Chemistry

Domestic plant poisons

Domestic plant poisons



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Thimble (Digitalis purpurea)

The red foxglove is at home in forests and gardens in Central Europe. It only grows in soils that are poor in lime.

In the leaves of the red foxglove there is about 0.1% glycosides digitoxin, C41H64O13, and about 0.2% gitoxin, C.41H64O14, contain. The sugars associated with the aglycon and the composition and amount of the glycosides can vary greatly in the different foxglove species.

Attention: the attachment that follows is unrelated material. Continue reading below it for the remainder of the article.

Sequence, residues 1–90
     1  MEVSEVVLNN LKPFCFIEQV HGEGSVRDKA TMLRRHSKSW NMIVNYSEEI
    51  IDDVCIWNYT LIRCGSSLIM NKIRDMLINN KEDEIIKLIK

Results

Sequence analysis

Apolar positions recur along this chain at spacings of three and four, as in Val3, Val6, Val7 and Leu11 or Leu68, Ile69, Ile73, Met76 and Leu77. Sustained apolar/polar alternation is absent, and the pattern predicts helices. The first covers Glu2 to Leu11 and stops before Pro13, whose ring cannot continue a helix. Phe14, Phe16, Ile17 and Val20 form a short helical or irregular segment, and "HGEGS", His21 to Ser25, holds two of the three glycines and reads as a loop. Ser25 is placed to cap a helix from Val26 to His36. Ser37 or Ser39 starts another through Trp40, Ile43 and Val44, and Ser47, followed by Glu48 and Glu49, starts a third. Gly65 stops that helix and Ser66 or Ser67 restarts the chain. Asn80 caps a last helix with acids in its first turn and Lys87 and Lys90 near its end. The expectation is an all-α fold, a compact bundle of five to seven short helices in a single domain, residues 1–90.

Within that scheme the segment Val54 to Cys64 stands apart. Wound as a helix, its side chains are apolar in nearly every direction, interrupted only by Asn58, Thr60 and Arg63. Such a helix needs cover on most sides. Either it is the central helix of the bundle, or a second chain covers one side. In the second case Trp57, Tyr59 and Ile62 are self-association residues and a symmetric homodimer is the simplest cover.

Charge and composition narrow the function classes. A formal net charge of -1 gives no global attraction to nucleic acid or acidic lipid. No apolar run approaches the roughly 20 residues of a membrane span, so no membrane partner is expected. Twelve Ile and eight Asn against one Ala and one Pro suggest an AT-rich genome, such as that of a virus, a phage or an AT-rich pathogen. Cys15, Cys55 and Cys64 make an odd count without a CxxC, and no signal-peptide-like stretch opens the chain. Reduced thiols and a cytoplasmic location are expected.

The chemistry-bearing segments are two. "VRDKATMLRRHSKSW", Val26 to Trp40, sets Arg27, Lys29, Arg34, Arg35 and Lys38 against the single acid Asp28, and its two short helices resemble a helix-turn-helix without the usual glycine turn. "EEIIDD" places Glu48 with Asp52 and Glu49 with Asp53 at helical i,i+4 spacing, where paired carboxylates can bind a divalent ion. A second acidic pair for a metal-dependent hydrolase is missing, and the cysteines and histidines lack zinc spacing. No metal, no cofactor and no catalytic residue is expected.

Poisoning manifests itself as arrhythmias, diarrhea and vomiting and can lead to death from cardiac arrest.

The digitoxin contained in the red foxglove is one of the cardiac glycosides. It is used as a drug for heart muscle weakness and cardiac arrhythmias.

For more information on glycosides, see: Glycosides and Heart Glycosides


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